While there are already some parts being produced in the U.S. — like the Samsung chips used for iPhones and iPads – Apple CEO Tim Cook claims that he wants to do more than just “assemble” Macs here. Hardware partner Foxconn is supposedly preparing for the shift by ramping up hiring for its U.S. plants.
Apple is reportedly set to move its Mac mini production lines back to the US with Foxconn Electronics (Hon Hai Precision Industry) to be responsible of handling establishment, according to sources from the upstream supply chain.
Currently, Foxconn has about 15 operating bases in the US and the company reportedly plans to start recruiting workers in 2013 for new automated production lines.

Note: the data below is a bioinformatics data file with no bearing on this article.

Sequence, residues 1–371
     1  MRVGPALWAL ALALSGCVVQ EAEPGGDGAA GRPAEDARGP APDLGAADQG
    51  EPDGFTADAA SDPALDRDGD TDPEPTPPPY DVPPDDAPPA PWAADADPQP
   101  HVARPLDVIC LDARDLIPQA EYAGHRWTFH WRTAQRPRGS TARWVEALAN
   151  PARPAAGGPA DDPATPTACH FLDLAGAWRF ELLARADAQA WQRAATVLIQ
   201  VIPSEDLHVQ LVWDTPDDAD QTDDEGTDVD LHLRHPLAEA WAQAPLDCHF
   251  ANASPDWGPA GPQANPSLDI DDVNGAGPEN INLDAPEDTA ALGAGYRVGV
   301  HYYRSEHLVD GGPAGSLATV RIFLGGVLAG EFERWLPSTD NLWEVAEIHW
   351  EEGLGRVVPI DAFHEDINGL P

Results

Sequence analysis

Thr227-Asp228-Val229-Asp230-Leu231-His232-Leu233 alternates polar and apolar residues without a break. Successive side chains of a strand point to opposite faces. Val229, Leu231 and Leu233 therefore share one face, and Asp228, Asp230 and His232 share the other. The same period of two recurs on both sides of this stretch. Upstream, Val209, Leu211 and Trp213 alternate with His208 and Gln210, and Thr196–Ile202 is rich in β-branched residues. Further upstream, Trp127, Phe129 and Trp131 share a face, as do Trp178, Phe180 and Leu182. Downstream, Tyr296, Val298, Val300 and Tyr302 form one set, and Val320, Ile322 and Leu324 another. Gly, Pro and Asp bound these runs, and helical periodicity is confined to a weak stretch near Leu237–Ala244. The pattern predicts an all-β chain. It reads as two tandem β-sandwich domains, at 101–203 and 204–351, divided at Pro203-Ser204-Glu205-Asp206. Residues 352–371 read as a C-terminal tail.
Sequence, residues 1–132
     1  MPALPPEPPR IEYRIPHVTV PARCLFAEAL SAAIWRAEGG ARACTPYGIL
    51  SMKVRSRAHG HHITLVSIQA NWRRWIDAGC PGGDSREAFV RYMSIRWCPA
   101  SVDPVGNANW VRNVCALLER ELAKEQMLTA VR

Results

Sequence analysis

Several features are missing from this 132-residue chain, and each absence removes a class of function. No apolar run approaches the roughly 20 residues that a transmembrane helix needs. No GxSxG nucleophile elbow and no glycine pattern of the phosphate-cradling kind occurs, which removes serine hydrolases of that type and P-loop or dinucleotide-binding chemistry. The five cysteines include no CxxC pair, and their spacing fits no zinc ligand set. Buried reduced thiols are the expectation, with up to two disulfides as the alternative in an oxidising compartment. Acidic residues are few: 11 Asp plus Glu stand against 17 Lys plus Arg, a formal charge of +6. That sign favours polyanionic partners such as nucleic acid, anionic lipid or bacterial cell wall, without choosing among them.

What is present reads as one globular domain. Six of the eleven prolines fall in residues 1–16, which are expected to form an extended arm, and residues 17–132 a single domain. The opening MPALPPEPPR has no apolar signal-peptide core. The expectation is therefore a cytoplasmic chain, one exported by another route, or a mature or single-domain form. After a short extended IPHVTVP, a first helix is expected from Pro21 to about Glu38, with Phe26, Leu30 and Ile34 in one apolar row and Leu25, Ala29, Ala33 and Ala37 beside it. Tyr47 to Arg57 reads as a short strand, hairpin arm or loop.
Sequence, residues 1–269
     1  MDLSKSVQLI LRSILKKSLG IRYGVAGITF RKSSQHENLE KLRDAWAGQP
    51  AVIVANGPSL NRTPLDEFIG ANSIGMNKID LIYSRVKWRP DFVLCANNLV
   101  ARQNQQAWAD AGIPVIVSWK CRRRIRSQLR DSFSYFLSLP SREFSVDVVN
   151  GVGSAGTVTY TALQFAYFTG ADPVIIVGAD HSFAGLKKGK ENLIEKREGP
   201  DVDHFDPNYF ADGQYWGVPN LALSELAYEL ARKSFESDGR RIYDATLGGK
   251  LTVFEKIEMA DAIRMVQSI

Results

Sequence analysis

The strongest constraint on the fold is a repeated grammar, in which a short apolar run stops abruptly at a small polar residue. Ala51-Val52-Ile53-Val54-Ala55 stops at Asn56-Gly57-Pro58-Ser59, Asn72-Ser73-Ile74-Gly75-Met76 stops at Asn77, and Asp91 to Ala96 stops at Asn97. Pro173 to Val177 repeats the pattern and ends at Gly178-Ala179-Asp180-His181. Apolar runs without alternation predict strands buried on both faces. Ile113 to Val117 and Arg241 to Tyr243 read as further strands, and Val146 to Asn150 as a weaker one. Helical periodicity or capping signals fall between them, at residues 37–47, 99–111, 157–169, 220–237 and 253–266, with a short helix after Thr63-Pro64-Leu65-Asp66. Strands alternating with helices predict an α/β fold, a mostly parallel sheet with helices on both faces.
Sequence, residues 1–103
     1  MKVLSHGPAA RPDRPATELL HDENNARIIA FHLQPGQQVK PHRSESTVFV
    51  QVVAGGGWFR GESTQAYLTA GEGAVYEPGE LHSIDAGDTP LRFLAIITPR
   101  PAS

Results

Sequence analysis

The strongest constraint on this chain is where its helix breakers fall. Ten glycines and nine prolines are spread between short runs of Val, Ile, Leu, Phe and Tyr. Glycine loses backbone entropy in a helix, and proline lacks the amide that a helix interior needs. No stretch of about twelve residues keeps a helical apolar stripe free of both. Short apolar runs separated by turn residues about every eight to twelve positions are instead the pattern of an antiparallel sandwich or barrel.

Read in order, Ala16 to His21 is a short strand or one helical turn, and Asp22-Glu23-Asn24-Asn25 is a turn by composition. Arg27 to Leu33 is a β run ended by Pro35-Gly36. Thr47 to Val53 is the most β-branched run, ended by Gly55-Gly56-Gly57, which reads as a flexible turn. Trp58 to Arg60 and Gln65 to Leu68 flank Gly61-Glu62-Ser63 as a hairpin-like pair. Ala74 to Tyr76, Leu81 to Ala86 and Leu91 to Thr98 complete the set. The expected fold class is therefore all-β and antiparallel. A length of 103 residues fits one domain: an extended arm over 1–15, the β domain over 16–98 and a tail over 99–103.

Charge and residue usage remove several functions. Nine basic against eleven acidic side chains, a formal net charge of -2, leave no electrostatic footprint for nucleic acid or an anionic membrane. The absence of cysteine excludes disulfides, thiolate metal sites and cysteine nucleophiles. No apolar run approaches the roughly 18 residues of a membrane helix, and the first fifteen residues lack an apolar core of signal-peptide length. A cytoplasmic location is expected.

More automated production lines would help Apple get around the limitations it has cited in the past for failing to do more production at home in the U.S.: costs, and getting production facilities up to its exacting standards.
The Mac mini is also a Mac with relatively low shipping volume: Digitimes predicts 1.4 million units total for 2012. While Apple doesn’t break out individual Mac sales figures, that would make for a relatively small chunk of the 18.1 million Macs it sold during fiscal 2012. It’s small enough to be manageable for what is essentially a trial run, while also being large enough to represent a serious undertaking, where producing the niche and aging Mac Pro would’ve been a symbolic gesture, at best.
Which Mac line do you think makes the most sense for Apple to start producing in the U.S.? Would a “made in the USA” sticker on a new Mac Pro or Mac Mini make you more likely to buy one? Let us know your opinion.